Power of Attorney (POA)-an Attorney Cannot Sell to Himself or Herself Using POA
In Accordance with Section 27 of Property Law Act of BC
“An attorney cannot sell transfer our charge of parcel of property in favour of himself or herself, and any such transfer or charge is deemed not valid unless the power of attorney expressly authorizes it, or the principal ratifies it”
This further illustrates a fiduciary duty owed by an Attorney to the Donor in a Power of Attorney. A fiduciary duty is a legal duty where one person (the “fiduciary”) must act in the best interests of the Donor. Trust lies at the heart of the fiduciary relationship. The Donor trusts that the fiduciary (Attorney) will act in good faith.
It is well established that the attorney acting under a power of attorney is bound to the duties enunciated on the face of the instrument granting the power i.e. Section 20 of Power of Attorney Act of BC. In most cases, the power of attorney remains exercisable during periods of capacity and mental infirmity. Condition stipulated in Section 19(d) of Power of Attorney Act requires the attorneys to provide the donor with regular accountings at any time they assist him in his financial affairs.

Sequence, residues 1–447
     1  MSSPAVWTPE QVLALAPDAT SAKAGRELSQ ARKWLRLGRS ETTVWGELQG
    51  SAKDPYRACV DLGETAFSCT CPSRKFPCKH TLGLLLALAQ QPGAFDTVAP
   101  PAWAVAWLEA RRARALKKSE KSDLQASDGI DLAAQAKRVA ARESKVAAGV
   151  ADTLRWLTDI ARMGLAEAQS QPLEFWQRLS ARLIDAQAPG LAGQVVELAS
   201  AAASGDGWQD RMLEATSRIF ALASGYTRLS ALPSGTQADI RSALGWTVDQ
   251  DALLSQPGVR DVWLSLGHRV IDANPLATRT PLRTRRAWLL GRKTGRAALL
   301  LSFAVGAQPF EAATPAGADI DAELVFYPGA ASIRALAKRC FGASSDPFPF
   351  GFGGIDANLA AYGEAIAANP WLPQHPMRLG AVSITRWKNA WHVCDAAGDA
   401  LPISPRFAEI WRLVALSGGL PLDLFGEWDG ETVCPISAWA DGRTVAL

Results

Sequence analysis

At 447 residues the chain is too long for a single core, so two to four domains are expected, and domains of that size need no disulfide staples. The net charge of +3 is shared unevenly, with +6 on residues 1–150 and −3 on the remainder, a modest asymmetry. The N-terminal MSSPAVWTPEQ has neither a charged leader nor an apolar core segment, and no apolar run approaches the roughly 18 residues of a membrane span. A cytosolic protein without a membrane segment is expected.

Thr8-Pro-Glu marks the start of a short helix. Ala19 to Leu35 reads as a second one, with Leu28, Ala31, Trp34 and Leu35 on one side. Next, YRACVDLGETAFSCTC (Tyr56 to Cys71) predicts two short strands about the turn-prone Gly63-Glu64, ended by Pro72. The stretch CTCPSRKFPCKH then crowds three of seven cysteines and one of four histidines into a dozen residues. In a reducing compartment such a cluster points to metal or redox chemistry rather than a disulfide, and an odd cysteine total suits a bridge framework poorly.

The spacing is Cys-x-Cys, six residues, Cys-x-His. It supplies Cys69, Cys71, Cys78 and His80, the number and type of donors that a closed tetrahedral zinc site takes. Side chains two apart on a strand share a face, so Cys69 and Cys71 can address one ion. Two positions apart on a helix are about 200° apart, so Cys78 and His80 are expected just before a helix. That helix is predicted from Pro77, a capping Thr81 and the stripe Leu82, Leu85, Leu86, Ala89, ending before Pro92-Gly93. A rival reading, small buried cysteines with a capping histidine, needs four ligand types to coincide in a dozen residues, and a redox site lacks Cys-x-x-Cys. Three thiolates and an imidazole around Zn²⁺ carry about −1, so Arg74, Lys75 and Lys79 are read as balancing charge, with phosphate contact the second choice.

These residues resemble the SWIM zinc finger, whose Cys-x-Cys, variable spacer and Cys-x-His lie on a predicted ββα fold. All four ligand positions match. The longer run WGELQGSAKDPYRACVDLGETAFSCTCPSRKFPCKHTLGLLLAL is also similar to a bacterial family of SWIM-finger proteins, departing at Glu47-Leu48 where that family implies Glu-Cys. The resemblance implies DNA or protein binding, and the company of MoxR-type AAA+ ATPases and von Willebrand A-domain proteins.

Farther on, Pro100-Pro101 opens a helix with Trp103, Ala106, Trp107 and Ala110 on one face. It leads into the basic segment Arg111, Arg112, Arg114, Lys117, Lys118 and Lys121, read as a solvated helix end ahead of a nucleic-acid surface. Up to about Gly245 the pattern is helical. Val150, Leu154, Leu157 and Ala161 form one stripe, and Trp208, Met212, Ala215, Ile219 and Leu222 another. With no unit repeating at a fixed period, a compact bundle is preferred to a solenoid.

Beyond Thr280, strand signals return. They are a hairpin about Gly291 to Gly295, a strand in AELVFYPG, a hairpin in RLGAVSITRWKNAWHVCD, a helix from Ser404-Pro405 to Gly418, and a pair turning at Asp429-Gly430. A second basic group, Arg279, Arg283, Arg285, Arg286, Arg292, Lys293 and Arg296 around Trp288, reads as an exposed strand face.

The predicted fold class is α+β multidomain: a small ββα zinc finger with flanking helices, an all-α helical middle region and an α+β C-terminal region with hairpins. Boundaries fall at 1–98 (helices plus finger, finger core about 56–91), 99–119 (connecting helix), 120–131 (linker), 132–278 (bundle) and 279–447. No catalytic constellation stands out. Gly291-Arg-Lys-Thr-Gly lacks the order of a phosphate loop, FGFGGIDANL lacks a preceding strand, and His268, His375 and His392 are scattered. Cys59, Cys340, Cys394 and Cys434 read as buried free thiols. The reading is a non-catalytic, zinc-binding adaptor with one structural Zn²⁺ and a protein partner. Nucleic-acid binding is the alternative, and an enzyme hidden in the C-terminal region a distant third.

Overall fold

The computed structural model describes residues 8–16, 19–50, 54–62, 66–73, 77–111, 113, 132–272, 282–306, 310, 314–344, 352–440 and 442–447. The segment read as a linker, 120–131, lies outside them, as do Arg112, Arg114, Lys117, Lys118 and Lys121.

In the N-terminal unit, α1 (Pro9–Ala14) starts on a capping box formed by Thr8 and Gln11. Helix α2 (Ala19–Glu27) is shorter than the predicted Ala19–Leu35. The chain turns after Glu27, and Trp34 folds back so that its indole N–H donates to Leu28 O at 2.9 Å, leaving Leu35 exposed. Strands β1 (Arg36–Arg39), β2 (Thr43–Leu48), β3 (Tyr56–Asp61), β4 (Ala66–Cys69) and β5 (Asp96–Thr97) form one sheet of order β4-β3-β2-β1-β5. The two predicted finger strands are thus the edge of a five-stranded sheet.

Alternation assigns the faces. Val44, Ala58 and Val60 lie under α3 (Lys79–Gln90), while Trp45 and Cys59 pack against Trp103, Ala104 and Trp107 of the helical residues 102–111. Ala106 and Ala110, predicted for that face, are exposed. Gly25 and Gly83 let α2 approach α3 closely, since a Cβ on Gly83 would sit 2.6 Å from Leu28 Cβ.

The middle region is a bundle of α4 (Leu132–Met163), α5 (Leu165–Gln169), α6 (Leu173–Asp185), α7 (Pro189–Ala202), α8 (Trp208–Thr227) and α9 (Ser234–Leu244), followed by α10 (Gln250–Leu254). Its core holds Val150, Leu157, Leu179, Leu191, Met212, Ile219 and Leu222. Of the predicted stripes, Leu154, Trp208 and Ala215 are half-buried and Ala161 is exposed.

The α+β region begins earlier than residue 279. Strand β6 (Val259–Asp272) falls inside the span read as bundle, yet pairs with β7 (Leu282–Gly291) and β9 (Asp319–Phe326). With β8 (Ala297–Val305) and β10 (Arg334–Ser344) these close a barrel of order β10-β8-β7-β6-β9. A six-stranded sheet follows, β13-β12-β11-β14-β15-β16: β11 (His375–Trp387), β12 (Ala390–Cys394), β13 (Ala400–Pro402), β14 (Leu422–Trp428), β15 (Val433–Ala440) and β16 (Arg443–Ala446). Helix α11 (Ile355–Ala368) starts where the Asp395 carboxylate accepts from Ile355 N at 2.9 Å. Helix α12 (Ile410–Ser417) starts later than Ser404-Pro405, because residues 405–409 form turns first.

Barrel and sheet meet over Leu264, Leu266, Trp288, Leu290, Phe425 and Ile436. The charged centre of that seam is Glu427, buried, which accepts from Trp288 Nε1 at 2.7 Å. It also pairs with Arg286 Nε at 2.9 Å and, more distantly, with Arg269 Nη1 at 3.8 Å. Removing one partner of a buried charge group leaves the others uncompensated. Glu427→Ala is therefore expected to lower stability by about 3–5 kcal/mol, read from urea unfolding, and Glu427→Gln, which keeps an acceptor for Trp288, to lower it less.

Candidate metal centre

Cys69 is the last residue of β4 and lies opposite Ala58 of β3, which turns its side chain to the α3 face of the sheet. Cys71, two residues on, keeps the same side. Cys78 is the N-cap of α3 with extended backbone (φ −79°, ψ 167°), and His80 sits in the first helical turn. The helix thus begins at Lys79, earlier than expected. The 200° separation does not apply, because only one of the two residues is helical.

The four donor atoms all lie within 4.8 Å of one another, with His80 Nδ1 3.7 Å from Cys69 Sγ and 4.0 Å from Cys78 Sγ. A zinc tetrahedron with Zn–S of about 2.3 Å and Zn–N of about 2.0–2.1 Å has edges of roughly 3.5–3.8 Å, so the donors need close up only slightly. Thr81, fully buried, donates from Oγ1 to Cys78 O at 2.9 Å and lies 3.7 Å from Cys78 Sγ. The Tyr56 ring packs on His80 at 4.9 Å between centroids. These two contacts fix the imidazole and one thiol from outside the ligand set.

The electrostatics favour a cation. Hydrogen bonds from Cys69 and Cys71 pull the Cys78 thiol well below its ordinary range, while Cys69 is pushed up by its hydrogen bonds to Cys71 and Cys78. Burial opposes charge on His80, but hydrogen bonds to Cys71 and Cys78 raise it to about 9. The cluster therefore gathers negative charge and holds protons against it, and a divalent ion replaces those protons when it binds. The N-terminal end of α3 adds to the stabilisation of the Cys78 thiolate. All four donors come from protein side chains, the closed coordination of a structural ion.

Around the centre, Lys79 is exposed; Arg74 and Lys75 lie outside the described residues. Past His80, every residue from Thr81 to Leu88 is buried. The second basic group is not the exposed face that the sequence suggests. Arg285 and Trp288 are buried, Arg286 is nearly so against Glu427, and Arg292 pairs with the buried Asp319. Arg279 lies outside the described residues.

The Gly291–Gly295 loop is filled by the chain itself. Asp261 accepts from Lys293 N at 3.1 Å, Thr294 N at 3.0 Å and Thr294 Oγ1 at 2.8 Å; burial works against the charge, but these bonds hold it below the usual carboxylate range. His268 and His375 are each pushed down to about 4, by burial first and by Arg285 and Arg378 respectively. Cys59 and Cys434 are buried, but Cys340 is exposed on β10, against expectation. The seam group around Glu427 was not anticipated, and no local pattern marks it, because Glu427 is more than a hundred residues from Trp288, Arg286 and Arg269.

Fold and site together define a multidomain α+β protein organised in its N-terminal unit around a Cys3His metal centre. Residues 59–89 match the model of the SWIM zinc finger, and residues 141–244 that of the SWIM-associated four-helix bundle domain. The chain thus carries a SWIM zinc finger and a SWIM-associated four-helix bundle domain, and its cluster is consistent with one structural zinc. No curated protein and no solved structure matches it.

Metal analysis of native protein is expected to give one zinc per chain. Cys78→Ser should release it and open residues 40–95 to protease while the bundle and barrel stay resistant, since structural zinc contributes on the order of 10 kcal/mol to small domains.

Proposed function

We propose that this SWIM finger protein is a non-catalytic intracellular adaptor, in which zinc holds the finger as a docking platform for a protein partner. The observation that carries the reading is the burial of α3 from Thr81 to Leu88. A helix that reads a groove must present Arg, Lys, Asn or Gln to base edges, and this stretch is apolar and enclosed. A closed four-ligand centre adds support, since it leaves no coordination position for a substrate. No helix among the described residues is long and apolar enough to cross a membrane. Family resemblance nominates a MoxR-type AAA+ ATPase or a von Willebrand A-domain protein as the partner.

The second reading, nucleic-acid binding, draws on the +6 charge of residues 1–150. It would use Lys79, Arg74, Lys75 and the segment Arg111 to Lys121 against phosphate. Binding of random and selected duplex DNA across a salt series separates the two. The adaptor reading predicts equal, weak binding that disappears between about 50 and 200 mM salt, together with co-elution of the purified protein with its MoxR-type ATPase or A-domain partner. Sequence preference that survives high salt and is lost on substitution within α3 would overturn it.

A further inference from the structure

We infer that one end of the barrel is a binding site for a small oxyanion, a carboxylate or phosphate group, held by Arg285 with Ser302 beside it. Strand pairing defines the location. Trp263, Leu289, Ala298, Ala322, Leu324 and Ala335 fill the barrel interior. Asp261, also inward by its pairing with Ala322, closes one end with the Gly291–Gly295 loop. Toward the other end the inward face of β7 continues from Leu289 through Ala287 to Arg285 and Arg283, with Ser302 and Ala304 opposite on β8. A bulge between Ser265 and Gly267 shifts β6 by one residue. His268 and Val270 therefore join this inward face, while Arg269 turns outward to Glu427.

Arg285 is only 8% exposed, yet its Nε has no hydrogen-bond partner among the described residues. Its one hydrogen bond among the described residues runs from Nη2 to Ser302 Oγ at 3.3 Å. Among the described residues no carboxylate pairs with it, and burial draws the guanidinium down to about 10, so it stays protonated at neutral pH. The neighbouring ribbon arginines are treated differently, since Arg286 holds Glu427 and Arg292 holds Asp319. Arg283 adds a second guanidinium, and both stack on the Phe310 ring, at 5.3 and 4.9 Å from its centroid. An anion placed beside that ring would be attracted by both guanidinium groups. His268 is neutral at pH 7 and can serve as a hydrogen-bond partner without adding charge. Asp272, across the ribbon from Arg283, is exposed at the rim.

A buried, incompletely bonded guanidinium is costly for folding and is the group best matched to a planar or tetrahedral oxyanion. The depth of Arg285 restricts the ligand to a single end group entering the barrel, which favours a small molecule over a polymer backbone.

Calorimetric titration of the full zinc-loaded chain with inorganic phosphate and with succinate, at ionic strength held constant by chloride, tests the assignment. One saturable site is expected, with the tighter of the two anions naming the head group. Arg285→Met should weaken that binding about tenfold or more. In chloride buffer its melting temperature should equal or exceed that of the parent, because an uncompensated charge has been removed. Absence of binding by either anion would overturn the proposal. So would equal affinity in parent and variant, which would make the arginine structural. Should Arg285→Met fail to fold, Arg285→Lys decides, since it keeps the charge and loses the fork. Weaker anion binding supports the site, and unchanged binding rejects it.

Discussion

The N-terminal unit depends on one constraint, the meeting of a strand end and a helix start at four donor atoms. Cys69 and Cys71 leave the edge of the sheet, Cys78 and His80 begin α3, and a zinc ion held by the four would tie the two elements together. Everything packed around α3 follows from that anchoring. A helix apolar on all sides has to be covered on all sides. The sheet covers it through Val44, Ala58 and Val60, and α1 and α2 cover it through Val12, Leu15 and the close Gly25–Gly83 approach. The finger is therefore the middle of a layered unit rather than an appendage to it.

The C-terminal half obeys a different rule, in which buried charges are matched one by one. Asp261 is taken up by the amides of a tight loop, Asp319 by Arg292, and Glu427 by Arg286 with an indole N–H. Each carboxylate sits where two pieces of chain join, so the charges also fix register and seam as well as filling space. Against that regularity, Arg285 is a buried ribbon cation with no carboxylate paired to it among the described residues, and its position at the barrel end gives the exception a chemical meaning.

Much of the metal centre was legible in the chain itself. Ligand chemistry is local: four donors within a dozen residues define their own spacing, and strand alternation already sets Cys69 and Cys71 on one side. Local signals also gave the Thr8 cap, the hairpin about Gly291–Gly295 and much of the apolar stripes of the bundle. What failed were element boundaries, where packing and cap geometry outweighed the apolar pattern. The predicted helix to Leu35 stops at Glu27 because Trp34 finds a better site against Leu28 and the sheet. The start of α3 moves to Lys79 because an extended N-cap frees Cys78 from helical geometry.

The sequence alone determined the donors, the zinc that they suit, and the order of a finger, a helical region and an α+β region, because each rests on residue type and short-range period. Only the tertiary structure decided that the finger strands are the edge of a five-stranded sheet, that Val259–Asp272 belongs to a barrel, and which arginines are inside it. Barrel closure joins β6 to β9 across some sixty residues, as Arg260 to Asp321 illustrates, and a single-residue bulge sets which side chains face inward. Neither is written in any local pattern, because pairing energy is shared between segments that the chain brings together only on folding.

In cases, where the transfer of property has been to spouse of the Attorney, the court has ruled against the same and has argued that even though the transaction is not equivalent to the transfer to the Attorney but did point to the applicability of Section 27 of the Property Law Act of BC. It was also pointed out powers vested under the Power of Attorney Act do not authorise the Attorney to disburse/dispose or grant donors property without consideration (Trevor Todd’s blog on his website quotes Begley v. Imperial Bank of Canada (1934),  S.C.R. 89 (S.C.C.), aff’d  2 All E.R. 367 (Canada P.C.) to illustrate the same). Section 19(3) of the Power of Attorney Act illustrates amply that unless it is in the interest of the Attorney such an action must not be taken.